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Six-State Study of HIV Patients Launched

     

      2000 NOV 6 - (NewsRx.com) -- Researchers from Duke University and the University of North Carolina-Chapel Hill hope to better understand the connection between life stress and the pursuit of health care through a $2.9 million study of HIV patients in six southern U.S. states.

      The study, funded primarily by the U.S. National Institute of Mental Health with support from the U.S. National Institute of Drug Abuse and the U.S. National Institute of Nursing Research, will follow 1,000 people over three years, tracking their health, attitudes, and treatment patterns. The data may lead to new approaches to breaking down barriers that hinder efforts to reduce the spread of HIV in the South and the mortality rate, according to Kate Whetten-Goldstein, assistant professor at Duke''s Center for Health Policy, Law, and Management and primary investigator for the study.

      Researchers will recruit study participants from 11 infectious disease clinics in six states, interviewing them yearly to find out about their health status, compliance with medical treatment plans, and how they cope with their disease.

      Whetten-Goldstein said the study will follow people in the block of Southern states that buck the national trends of slowing HIV spread and mortality. These are rural states where at least 70% of the HIV positive people are African American and 30% are women.

      "The country is moving in one direction, with the epidemic slowing, but we continue to get spread of infection in these six states - North Carolina, South Carolina, Alabama, Mississippi, Louisiana, Georgia," said Whetten-Goldstein, who is simultaneously conducting four other studies related to HIV infection and treatment in rural areas. "We''ll be gathering information on how long people have had the disease, the stage of their disease, how they use health systems, whether they have support systems and how they cope."

      She suspects a cascade of differences between characteristics of urban and rural HIV positive patients contributes to what she calls "the new epidemic." Nationally, people who are now HIV positive are more likely to be poor, to use different kinds of drugs, to contract HIV either through drug use or heterosexual transmission and to be less educated than HIV positive patients infected some years ago.

      While new HIV patients in cities and rural areas are similar in economic status, race, and gender, case studies Whetten-Goldstein has chronicled since 1996 indicate the rural patients are less likely to have support systems of people who know about their HIV status and are more isolated by their perceived need for secrecy about their infection. These factors that may correlate with poor compliance with medication and treatment plans, including "drug holidays" and missing vital doctor''s visits.

      "In rural areas, on top of those demographic changes is a difference in dealing with the community itself, the issues of confidentiality and trust, with overcoming structural barriers of distance," she said. "While not letting anyone in the community or family know that you''re HIV positive, how do you get your medications or get to the clinic?"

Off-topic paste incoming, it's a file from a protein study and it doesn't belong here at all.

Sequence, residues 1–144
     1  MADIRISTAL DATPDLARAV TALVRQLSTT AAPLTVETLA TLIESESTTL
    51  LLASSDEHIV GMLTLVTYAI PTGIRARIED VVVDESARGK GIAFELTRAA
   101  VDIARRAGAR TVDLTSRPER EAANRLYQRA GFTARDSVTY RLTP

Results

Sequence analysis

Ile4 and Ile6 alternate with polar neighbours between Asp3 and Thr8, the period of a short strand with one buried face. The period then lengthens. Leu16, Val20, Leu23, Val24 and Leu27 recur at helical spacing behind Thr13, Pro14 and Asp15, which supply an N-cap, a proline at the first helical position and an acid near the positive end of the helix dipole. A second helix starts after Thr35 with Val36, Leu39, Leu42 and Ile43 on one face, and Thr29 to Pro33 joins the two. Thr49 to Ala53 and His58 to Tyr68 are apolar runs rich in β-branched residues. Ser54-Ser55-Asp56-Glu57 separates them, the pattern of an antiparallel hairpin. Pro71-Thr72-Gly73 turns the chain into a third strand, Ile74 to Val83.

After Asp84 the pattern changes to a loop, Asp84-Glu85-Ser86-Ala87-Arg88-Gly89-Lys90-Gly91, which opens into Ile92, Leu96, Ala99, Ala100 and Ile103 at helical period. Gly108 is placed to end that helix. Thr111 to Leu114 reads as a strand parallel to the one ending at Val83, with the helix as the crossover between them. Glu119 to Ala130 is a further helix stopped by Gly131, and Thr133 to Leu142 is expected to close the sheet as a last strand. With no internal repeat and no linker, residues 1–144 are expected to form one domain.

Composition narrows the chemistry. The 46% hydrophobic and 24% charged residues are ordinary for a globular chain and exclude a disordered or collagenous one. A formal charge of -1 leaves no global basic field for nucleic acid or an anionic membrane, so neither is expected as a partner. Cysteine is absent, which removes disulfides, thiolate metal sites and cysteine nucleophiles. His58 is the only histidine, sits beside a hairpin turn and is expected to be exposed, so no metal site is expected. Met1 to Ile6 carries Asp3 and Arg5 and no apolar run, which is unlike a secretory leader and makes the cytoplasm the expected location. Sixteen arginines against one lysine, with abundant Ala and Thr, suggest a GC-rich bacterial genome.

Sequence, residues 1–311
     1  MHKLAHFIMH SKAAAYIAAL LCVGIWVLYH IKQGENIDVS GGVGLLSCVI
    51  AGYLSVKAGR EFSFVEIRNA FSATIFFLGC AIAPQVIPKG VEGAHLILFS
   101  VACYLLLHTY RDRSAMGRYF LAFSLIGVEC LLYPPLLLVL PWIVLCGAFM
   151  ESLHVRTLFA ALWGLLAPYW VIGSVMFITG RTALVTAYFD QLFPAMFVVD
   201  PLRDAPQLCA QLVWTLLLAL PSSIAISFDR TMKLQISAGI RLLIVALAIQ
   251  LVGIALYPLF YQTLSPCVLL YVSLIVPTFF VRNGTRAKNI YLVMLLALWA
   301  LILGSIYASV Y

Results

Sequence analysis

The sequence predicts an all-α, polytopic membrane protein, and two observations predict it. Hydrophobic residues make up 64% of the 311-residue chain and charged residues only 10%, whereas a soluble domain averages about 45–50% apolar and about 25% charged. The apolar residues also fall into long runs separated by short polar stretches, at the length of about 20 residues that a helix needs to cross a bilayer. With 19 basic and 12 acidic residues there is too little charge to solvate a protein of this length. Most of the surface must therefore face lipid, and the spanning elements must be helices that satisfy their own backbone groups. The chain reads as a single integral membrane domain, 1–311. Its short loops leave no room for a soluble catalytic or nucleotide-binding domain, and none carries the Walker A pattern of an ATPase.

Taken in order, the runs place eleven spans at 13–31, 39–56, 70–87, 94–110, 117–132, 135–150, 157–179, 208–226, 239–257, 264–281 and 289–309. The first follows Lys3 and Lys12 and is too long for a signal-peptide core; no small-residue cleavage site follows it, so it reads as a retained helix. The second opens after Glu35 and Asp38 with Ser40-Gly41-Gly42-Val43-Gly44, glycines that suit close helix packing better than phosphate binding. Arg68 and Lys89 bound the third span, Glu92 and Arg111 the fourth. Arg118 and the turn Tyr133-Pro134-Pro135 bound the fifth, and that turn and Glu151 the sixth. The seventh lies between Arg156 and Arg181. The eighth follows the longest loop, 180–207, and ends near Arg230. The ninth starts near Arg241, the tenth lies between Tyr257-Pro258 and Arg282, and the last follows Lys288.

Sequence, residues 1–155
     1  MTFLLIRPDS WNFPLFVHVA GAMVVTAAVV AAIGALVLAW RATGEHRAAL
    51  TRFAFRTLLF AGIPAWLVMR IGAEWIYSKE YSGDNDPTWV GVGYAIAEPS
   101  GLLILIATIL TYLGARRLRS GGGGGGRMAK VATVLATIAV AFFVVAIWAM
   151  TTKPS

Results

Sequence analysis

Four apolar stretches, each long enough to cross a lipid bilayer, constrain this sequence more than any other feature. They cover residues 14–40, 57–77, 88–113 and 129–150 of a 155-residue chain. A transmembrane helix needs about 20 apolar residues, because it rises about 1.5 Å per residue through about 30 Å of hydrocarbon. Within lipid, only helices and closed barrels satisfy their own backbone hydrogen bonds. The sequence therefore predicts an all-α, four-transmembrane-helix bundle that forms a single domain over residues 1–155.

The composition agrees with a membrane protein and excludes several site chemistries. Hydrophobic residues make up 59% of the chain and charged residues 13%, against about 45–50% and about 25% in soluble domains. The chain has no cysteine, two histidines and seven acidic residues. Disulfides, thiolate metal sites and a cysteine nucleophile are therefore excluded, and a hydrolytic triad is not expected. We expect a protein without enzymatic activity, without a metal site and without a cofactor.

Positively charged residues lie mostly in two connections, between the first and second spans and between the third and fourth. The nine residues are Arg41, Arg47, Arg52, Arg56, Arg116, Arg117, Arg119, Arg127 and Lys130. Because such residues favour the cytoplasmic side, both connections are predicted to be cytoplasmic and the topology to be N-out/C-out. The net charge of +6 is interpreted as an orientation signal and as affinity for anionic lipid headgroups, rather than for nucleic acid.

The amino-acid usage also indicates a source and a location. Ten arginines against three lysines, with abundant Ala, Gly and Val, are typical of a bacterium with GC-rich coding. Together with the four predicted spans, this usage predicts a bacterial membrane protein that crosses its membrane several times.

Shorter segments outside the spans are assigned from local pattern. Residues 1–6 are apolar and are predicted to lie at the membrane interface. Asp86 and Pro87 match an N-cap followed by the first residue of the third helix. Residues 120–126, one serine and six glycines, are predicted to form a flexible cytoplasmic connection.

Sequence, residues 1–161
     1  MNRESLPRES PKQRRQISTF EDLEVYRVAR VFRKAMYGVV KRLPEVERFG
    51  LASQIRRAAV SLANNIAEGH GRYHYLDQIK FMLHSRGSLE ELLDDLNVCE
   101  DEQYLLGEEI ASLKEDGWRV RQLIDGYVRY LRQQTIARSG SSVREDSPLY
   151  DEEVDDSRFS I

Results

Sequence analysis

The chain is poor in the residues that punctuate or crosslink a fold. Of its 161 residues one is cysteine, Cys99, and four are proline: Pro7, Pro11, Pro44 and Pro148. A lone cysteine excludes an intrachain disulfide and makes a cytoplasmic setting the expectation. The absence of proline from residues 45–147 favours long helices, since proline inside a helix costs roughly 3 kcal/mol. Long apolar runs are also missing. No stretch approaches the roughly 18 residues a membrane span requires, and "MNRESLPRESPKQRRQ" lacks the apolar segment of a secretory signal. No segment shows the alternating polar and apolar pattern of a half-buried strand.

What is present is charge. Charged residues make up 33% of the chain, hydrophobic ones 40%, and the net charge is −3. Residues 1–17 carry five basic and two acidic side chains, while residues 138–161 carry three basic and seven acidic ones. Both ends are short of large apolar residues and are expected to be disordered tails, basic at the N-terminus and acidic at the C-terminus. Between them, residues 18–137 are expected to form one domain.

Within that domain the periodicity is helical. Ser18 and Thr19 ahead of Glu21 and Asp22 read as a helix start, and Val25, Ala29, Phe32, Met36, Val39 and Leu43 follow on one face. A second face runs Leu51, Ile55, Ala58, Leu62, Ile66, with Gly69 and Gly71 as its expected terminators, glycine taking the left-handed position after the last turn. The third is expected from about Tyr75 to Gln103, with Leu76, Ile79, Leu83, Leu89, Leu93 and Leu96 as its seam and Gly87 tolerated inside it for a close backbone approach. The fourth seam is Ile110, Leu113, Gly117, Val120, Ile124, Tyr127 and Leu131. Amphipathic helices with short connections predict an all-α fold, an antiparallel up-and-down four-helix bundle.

In addition, Whetten-Goldstein said she found an alarming rate of childhood abuse in the rural HIV positive patients involved in her case studies. She and her colleague on the new study, UNC medical sociologist Jane Leserman, think that the psychological impact of childhood abuse may play a role in HIV transmission, the patients'' method of coping, and ultimately, in their rate of declining health.

      For the past 10 years, Leserman has studied the psychiatric, psychosocial, biological, and clinical aspects of HIV infection. Her work has shown a connection between high stress, coping by denial, and low social support in HIV positive men and the decrease in their immune status and faster progression of disease. She also has found a correlation between poor health and childhood trauma among patients with gastrointestinal disorders.

      "I think we can apply some of these findings in this larger, more representative population to find out more about the role of coping, stress, and social support," Leserman said. "We''re also interested in how some of these psychosocial aspects may affect adherence to medications. Ultimately, we''ll be able to describe what the epidemic looks like in the South."

      The researchers think data from this study''s interviews could document differences in how rural and urban patients create support networks, and whether childhood abuse is a widespread characteristic in the rural patients - data that could spur health policy changes.

      "It may point to places where a health system can intervene by setting up different ways of getting services to people, of addressing identified issues with patients that might help them," Whetten-Goldstein said. "If it is true that trauma, both childhood and current, plays a role in the spread and progress of this disease, it means that a model of care that could keep people adherent to their clinic visits and their medications would include mental health services," she said.

      The research team will work on the project for five years, the first year being devoted to training, honing survey instruments, and setting up clinic contacts; the next three for gathering patient information; and the final year for analysis of the data.

€opyright 2000, AIDS Weekly via NewsRx.com




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